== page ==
The sale of a modest bungalow in the Whangarei suburb of Regent for $230,000 above its capital value could be seen as the ripple effect from the explosion that is blowing Auckland house prices out of the water.
The house on a small section in Deveron St sold at auction last week for $615,000 but had a capital value of $385,000.
It's also a sign the current Government valuations - the CV (capital value or potential sales value that rates are assessed on) - are out of sync with the market, says a local property expert.
But a neighbour in Deveron St thinks it's more a sign that "the world's gone mad".
Real estate agent Mike Proctor, who had marketed the house, said a lot of people would be surprised at the auction result. "It sets a benchmark, absolutely," he said. "There's not been a house of this size in Whangarei, not even in the peak of 2007, that has sold for that much."
The three-bedroom house had been renovated but did not have an en suite bathroom or a large garage. It was of a popular heritage style, in a good location, but was not a landmark or luxury property. It was bought by a New Zealander returning from working in the Middle East.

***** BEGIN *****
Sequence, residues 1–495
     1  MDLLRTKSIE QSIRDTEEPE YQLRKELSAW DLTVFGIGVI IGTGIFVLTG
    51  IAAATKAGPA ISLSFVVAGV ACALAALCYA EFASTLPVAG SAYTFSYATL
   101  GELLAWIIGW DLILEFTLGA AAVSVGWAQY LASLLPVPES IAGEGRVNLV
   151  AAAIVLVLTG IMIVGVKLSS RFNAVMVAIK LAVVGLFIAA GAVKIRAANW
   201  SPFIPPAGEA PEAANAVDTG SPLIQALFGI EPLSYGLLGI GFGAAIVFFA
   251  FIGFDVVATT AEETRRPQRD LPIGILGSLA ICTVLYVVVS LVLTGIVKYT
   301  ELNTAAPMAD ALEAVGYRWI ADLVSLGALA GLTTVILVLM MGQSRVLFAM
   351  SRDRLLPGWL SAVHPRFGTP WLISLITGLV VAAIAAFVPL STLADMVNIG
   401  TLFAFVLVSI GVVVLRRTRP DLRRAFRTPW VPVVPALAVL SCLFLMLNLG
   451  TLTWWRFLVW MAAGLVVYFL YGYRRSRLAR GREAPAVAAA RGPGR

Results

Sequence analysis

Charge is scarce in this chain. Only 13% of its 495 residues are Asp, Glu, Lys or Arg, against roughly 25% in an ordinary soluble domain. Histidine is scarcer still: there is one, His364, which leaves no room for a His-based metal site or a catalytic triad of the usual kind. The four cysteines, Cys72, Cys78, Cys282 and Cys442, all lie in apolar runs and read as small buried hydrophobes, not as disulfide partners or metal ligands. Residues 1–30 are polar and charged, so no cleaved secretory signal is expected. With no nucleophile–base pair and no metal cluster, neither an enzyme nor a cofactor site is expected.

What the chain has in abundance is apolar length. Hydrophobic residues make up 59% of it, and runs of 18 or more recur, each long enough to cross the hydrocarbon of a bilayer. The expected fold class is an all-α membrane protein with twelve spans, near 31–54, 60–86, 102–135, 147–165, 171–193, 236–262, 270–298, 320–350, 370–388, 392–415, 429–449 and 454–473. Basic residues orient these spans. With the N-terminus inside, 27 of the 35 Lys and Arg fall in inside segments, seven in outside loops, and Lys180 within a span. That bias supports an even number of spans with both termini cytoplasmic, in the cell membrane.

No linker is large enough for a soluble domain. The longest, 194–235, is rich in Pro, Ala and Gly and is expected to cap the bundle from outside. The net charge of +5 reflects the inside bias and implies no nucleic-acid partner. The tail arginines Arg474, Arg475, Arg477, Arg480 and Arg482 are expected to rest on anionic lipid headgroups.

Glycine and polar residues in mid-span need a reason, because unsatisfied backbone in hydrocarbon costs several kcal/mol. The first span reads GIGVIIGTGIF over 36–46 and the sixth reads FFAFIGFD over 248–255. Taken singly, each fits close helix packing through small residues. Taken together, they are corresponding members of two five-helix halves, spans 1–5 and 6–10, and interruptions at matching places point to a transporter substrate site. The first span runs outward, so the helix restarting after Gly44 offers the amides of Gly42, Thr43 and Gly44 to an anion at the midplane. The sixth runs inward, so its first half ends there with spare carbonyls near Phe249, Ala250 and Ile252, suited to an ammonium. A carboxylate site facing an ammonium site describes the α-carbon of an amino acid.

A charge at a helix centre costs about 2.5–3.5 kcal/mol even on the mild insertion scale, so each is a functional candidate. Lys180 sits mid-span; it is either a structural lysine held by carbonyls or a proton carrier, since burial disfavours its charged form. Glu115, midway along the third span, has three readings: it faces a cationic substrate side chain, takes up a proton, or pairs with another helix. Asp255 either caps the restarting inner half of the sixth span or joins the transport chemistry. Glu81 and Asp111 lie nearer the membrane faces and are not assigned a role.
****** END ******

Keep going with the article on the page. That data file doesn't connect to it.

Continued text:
But there was no strong evidence local prices were being inflated by cashed-up or investment buyers coming in from a higher priced market, Mr Proctor said.
"The next bid down was only $1000 less and that was from a local person, so it's not necessarily driven by an out-of-area idea of value. People are just looking to get into a good house in a good street."
The home has almost doubled in price since January 2005 when it sold for $315,000. Since then it also sold in 2008 for $392,000 and 2014 for $395,000.
LJ Hooker Whangarei chief executive Paul Beazley said the property "sold for an exceptional price. Whether that pays off in the future, the market will tell."
He said CVs tended to be low, distorting market value, and did not reflect the high demand and under-supply.
"CVs in Whangarei have no relevance to the market right now," he said.
"There is a strong buyer bench coming up from Auckland but most people in the market are still locals. It's a very attractive proposition, to borrow and buy on these low interest rates."
Meanwhile, neighbour John Locke reckoned the purchase price was evidence the world had gone mad.
"When I knew they wanted half a million I thought they were dreaming ... but this price, I can't believe it!"
Mr Locke said he and other neighbours had watched the house being bought and sold over the years. He had a newspaper advertisement showing it for sale in 2004 for $279,000.
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